MLS on Aura also measures greenhouse gases such as ozone and nitrous oxide in the uppertroposphere. The simultaneous measurements of carbon monoxide and nitrous oxide enhance thevalue of these data by helping identify the source of the air masses being observed. Water at theseheights influences how greenhouse gas and sea surface temperature variations affect climate. Little isknown about how upper tropospheric water is controlled, nor do we know the details about how waterenters the stratosphere, where it affects ozone-layer chemistry.
Quantify Pollution in the Upper Troposphere
Another key objective of MLS on Aura will be to measure certain pollutants in the uppertroposphere (ozone, carbon monoxide, hydrogen cyanide and methyl cyanide). Carbon monoxide is animportant trace gas that can indicate the exchange of air between the stratosphere and troposphere. Itis also a precursor to the formation of tropospheric ozone and its appearance in the upper tropospherecan indicate strong vertical transport from pollution events in the lower atmosphere. The MLS onAura measurements will provide information on how regional pollution affects the global atmosphere.They will also be important for understanding the atmospheric effects of aviation and for diagnosingatmospheric exchanges between the troposphere and stratosphere.
Monitoring the Effects of Volcanic Plumes
MLS on Aura will measure sulfur dioxide and other gases in volcanic plumes, and investigate theeffects of large volcanic injections into the atmosphere on ozone depletion and climate change.
The MLS Instrument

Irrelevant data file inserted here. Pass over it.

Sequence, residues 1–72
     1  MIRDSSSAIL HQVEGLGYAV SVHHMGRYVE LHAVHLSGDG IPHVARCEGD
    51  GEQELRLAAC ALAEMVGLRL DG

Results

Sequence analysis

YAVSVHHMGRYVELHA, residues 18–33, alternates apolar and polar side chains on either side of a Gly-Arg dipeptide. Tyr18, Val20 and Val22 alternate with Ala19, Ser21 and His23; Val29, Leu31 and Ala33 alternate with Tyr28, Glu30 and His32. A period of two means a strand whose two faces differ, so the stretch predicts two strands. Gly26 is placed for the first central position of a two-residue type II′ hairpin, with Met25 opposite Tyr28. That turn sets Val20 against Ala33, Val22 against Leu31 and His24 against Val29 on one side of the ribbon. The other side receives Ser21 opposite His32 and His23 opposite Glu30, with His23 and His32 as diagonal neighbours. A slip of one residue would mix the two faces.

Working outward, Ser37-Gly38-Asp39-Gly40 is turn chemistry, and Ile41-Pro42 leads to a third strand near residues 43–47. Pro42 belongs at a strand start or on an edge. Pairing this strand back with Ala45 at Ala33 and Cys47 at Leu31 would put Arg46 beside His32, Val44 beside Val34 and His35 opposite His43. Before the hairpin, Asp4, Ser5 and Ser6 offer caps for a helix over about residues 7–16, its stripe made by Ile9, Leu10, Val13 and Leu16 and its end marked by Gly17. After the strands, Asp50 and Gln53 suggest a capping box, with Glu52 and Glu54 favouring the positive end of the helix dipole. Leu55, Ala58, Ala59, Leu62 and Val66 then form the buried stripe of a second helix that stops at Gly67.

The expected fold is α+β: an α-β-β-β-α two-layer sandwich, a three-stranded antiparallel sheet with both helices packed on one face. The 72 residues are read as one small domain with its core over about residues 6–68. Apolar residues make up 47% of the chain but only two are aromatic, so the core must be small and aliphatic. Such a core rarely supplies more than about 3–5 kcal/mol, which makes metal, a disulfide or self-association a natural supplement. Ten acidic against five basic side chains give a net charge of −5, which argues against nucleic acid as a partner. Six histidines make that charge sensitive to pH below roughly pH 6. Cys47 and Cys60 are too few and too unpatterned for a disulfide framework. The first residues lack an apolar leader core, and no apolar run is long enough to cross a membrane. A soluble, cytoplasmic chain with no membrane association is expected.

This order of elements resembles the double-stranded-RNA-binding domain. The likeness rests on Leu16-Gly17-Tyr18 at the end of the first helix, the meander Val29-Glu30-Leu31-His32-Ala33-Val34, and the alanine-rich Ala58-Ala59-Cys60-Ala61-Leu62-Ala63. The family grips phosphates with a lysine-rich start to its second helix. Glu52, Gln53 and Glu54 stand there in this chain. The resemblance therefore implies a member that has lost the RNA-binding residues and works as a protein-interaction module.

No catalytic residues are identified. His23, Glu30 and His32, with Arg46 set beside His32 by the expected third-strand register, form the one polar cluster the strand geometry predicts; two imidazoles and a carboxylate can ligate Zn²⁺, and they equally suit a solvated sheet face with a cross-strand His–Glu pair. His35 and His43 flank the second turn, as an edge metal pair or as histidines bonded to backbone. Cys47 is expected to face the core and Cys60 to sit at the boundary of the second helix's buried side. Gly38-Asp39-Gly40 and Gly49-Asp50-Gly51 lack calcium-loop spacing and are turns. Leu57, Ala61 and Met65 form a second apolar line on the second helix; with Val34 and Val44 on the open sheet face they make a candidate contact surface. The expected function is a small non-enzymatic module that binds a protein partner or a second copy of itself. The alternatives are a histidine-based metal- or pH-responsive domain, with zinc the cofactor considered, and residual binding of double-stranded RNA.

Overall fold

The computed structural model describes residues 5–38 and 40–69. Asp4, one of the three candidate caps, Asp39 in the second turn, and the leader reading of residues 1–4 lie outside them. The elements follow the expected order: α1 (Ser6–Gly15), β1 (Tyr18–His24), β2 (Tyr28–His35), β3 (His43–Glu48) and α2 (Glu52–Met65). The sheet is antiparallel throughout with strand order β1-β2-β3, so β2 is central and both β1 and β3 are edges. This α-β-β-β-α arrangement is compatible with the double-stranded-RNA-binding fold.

MLS on Aura is a passive microwave limb-sounding radiometer/spectrometer that looks “forward”from Aura, measuring a slice of the atmosphere every 1.5 degrees along the orbit path. It makespassive measurements in broad bands at five frequencies: 118 gigahertz (2.4 millimeters wavelength)for temperature and pressure; 190 gigahertz (1.6 millimeters wavelength) primarily for water and nitricacid; 240 gigahertz (1.3 millimeters wavelength) primarily for ozone and carbon monoxide; 640gigahertz (0.47 millimeters wavelength) primarily for hydrogen chloride, chlorine monoxide, nitrousoxide, bromine monoxide, hydroperoxy radical and hypochlorous acid; and 2.5 terahertz (0.12millimeters wavelength) for hydroxyl. Spatial resolution varies. The instrument works around theclock, making global measurements that are reliable even in the presence of ice clouds and volcanicaerosols that degrade other measurement techniques.MLS on Aura contains sensitive “radio receivers” that “listen to” natural microwave signals emittedby trace amounts of key chemicals in Earth’s atmosphere. It can detect signals down to a millionth of a millionth of a millionth of a watt. This is possible due to advances in planar device technologyinvented by the Submillimeter Wave Advanced Technology Group and Micro-Devices Laboratory atNASA’s Jet Propulsion Laboratory, Pasadena, Calif. The new, more reliable planar diode devicesreplace awkward “whisker-contacted” diodes (the type used in early crystal radios). For example, atthe 2.5 terahertz frequency, the diode anode measures just 0.2 by 1.0 microns, 10,000 times smallerthan the cross-sectional area of a human hair. MLS on Aura also pioneers the use of monolithic-millimeter wave integrated circuits that make it more reliable and resilient to launch vibration.MLS on Aura has a mass of 450 kilograms (992 pounds), consumes 550 watts of power, and has adata rate of 100 kilobits per second. Thermal control, in environments ranging from 10 to 35 degreesCelsius (50 to 95 degrees Fahrenheit), is maintained by radiators, louvers and internal heaters.